intelligent selection of forwarders?
qralston+ml.bind-workers at andrew.cmu.edu
Wed Aug 28 04:56:49 UTC 2002
On Tue, 20 Aug 2002, Jim Reid wrote:
> >>>>> "James" == James Ralston
> >>>>> <qralston+ml.bind-workers at andrew.cmu.edu> writes:
> James> I want to be able to conduct periodic maintenance (e.g.,
> James> rebooting one of the forwarders) with minimal disruption
> James> (e.g., without having our internal nameservers blindly
> James> querying the forwarder while it's rebooting).
> Don't you have maintenance windows?
It's not always feasible and/or convenient to wait until the next
maintenance window. In such cases, being able to minimize the
disruption that performing maintenance causes is a desirable thing.
> James> Also, if a site's name servers aren't all running BIND9,
> James> then using BIND9 forwarding servers can help mitigate
> James> attacks against buffer overflows in DNS resolver
> James> libraries:
> That seems to be an argument for upgrading to BIND9 -- it's been out
> for 2 years now -- rather than use an undesirable and suboptimal
> name server configuration that depends on forwarding.
This is an overly simplistic argument.
1. It took quite a while (and no doubt a lot of work on the part
of ISC) for BIND9 to become stable enough to run in a
production environment. (And although I mean no offense to
the BIND9 developers, I know people who insist that BIND9
still isn't stable enough to run in a production environment.)
2. Most operating system vendors are still shipping BIND8 (or
BIND8-based) nameservers and resolving libraries in their
operating systems. (For example, Solaris 8 ships with a
patched version of BIND 8.2.2.)
Being able to upgrade the nameserver and resolver libraries on every
single operating system in one's organization to BIND9 instantaneously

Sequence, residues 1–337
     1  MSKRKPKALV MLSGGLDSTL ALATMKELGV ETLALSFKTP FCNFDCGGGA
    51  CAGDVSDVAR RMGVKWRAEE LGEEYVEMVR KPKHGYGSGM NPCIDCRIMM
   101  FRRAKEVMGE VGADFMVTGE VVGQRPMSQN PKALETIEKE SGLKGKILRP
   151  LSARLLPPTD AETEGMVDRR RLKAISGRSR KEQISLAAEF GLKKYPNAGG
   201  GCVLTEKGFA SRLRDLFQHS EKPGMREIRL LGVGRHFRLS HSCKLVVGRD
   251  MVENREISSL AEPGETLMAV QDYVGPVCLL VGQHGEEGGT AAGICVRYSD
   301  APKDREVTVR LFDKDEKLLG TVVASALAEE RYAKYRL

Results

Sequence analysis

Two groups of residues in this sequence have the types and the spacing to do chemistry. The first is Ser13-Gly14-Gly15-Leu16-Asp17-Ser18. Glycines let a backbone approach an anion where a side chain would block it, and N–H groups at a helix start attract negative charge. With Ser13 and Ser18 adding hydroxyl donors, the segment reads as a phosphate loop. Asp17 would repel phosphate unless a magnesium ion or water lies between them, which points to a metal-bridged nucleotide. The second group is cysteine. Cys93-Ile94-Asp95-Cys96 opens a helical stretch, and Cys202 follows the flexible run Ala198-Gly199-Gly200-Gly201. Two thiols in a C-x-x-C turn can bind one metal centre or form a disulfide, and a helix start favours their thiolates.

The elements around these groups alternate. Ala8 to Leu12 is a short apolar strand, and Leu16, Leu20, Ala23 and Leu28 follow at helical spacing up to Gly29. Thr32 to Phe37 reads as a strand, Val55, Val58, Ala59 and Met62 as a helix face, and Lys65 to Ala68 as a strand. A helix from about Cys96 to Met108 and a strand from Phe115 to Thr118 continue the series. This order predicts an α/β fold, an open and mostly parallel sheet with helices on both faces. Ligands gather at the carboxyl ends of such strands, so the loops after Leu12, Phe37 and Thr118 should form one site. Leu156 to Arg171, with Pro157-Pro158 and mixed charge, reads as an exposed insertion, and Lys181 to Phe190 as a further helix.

and effortlessly is sheer fantasy. Migrations take time.
> James> (Generically and generally speaking, forcing one's DNS
> James> traffic to all flow through bastion forwarding hosts is a
> James> good security practice.)
> In your opinion. It may be marginally useful for security -- don't
> see that myself -- but it introduces a glaring single point of
Using multiple forwarding servers can alleviate the single point of
> And it's bad a security perspective too. As well as being bad for
> the availabilty of resolution service. Compromise a bastion host,
> say by poisoning its cache, and a bad guy can inject bogus data all
> over your organisation.
Irrelevant; if the bastion host can be compromised, then in all
probability, any DNS server in the organization can be compromised.
> Forwarding is rarely if ever a good idea. To give an analogy, there
> are several ways of getting from Pittsburg to New York.
It's "Pittsburgh", not "Pittsburg". ;)
> Do you always go by car? With the same car? Would you take a
> different route if a road was congested? Or take a train if the
> airlines were not flying? I presume you'd allow yourself some
> flexibility. So why not let your name servers have the same thing
> instead of blindly (and stupidly) forwarding queries to the same
> place? To continue the analogy, this is like always taking the same